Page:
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GM fined $146 million as older vehicles violated emission norms

Robert Besser
8 Jul 2024

WASHINGTON, D.C.: General Motors will pay nearly $146 million in penalties to the federal government due to 5.9 million older vehicles not meeting emissions and fuel economy standards.

The National Highway Traffic Safety Administration stated that GM vehicles from the 2012-2018 model years failed to comply with federal fuel economy requirements.

The penalty follows the Environmental Protection Agency's (EPA) findings that GM pickup trucks and SUVs emit over 10 percent more carbon dioxide than GM's compliance testing initially reported.

The EPA noted that these vehicles, which consume at least 10 percent more fuel than their window stickers indicate, will remain on the road without modifications to their mileage labels.

"Our investigation has achieved accountability and upholds an important program that's reducing air pollution and protecting communities across the country," EPA Administrator Michael Regan said.

GM, however, maintains that it complies with all regulations and is not admitting any wrongdoing or violations of the Clean Air Act.

GM spokesperson Bill Grotz attributed the issue to a test procedure change introduced by the EPA in 2016.

"We believe this voluntary action is the best course to resolve the outstanding issues with the federal government," he said.

The affected vehicles include approximately 4.6 million full-size pickups and SUVs, such as the Chevy Tahoe, Cadillac Escalade, Chevy Silverado, and about 1.3 million midsize SUVs. Around 40 variations of GM vehicles are involved.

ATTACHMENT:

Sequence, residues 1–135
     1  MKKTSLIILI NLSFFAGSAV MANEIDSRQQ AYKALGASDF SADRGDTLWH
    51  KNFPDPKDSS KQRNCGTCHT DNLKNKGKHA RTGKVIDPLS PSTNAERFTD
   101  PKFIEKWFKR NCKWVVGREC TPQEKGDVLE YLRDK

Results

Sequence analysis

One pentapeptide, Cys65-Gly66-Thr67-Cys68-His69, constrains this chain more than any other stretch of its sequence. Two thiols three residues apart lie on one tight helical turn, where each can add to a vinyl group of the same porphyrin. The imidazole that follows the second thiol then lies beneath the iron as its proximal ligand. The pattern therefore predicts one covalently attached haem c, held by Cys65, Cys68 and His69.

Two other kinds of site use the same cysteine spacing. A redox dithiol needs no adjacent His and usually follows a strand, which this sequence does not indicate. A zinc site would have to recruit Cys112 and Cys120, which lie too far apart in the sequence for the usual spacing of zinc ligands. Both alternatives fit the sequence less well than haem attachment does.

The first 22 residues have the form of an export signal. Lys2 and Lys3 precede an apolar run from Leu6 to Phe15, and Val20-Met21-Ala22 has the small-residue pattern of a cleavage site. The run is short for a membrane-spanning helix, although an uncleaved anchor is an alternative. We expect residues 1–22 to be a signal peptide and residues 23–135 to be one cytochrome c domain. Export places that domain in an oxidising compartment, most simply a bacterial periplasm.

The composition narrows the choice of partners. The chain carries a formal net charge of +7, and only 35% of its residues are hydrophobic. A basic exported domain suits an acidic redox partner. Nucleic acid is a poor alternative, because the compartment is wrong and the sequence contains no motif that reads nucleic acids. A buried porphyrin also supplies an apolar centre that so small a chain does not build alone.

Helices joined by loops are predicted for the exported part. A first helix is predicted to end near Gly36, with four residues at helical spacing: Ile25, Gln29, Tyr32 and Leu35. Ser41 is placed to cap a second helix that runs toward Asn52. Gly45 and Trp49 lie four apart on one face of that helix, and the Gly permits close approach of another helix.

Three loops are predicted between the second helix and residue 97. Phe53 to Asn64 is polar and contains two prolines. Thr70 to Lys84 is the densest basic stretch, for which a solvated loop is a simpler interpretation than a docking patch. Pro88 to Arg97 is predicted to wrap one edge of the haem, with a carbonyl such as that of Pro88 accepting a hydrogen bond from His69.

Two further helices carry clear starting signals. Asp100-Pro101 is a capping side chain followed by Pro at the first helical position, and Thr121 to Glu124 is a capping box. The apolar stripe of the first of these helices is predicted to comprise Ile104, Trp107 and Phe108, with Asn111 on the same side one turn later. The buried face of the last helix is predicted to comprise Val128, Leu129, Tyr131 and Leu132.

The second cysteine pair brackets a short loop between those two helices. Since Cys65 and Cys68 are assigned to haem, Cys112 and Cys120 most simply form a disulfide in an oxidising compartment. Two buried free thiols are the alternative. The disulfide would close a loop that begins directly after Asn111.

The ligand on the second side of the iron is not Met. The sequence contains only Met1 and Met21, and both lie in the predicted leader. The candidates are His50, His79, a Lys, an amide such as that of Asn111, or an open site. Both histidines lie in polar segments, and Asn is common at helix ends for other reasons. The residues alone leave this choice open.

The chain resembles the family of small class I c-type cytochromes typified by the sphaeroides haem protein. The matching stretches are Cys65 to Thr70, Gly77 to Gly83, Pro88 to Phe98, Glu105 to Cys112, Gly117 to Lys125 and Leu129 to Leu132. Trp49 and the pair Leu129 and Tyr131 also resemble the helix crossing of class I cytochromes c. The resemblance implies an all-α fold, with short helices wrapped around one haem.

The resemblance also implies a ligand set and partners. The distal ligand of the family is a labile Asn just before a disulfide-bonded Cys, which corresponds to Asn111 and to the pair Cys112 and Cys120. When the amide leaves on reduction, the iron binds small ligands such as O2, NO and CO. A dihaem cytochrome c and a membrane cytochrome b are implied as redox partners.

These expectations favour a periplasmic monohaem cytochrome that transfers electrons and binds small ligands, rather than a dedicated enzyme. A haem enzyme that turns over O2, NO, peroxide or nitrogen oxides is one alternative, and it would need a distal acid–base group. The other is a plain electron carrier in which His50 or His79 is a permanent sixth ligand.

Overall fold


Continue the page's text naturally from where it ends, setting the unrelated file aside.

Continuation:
As part of the settlement, GM will forfeit credits used to meet fleet-wide greenhouse gas emissions standards, with the total cost to resolve the matter expected to be $490 million.

EPA noted that formal determinations on the excess emissions' causes were unnecessary due to GM's agreement to address the issue.

However, David Cooke, senior vehicles analyst for the Union of Concerned Scientists, questioned how GM could overlook a more than 10 percent discrepancy in emissions. "You don't just make a more than 10% rounding error," he said.

Dan Becker from the Center for Biological Diversity criticized GM's violations, underscoring the need for stringent pollution regulations.

Historically, similar violations have led to substantial penalties and Justice Department involvement. For instance, Hyundai and Kia faced penalties for overstating gas mileage on vehicle stickers, resulting in a $100 million civil penalty.

In another case, Volkswagen admitted to intentionally rigging vehicles to defeat emissions tests, costing the company over $30 billion and resulting in prison sentences for executives.

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